Wisconsin became the 25th right-to-work state in the nation Monday, after Governor Scott Walker signed legislation that prohibits making union membership or paying dues a condition of employment. The Republican governor earned widespread praise from fellow conservatives following the move, although he’s also drawing criticism from Democrats.
In a statement released Monday night, President Barack Obama said he was “deeply disappointed” in the decision to sign the bill, arguing that the “new anti-worker law in Wisconsin will weaken, rather than strengthen workers in the new economy.”
Obama said he would like to encourage Governor Walker to “try and score a victory for working Americans – by taking meaningful action to raise their wages and offer them the security of paid leave. That’s how you give hardworking middle-class families a fair shot in the new economy – not by stripping their rights in the workplace, but by offering them all the tools they need to get ahead.”
Governor Walker issued a statement on Tuesday responding to President Obama, saying “the President should be looking to states, like Wisconsin, as an example for how to grow our economy. Our reforms are moving Wisconsin forward and helping create family-supporting jobs for people in our state.”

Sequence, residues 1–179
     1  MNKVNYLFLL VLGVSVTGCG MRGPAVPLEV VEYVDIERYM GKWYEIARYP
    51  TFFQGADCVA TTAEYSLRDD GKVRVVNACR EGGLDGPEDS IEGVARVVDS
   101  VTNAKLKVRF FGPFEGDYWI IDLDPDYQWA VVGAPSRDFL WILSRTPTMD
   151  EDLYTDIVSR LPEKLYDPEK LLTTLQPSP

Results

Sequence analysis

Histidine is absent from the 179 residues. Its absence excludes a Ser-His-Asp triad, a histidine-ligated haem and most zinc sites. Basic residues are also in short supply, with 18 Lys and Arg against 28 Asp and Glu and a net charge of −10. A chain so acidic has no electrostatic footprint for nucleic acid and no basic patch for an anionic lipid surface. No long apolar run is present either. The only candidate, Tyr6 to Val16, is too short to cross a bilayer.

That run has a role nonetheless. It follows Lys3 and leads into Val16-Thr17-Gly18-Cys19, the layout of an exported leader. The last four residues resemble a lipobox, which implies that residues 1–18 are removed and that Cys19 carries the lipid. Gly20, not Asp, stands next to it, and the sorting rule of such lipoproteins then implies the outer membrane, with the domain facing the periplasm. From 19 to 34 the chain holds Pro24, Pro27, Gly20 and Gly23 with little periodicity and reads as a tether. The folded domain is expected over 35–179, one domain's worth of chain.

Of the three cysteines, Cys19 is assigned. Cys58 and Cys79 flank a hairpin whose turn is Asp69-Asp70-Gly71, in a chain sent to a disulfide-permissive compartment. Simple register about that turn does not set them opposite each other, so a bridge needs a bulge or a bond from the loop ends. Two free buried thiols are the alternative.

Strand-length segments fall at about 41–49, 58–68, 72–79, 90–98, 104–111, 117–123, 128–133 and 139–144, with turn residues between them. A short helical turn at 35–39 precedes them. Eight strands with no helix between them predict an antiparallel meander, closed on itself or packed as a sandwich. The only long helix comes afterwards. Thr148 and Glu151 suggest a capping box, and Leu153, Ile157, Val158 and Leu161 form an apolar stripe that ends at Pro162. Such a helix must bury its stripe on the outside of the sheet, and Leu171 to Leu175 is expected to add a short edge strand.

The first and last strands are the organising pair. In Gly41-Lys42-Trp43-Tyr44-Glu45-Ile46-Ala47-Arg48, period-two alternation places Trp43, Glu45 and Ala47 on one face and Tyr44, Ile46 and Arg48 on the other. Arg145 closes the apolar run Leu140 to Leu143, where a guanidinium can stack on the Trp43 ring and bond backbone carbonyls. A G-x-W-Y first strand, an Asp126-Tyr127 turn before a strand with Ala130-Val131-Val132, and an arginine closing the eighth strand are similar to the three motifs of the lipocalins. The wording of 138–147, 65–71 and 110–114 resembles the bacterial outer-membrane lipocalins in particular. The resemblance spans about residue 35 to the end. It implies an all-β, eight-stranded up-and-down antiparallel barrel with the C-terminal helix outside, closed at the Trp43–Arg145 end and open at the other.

Obama’s statement drew a rebuttal from Wisconsin Manufacturers and Commerce, one of the chief proponents of the right-to-work legislation. In a statement, WMC President Kurt Bauer said “It’s disappointing that President Obama has come out against a policy that gives workers freedom of choice in the workplace. The fact is, right to work states grow jobs and wages twice as fast as forced-union states do. By contrast, the President supports a wage policy that the Congressional Budget Office said will likely kill 500,000 American jobs. Gov. Walker remains focused on providing freedom and economic opportunity to workers.”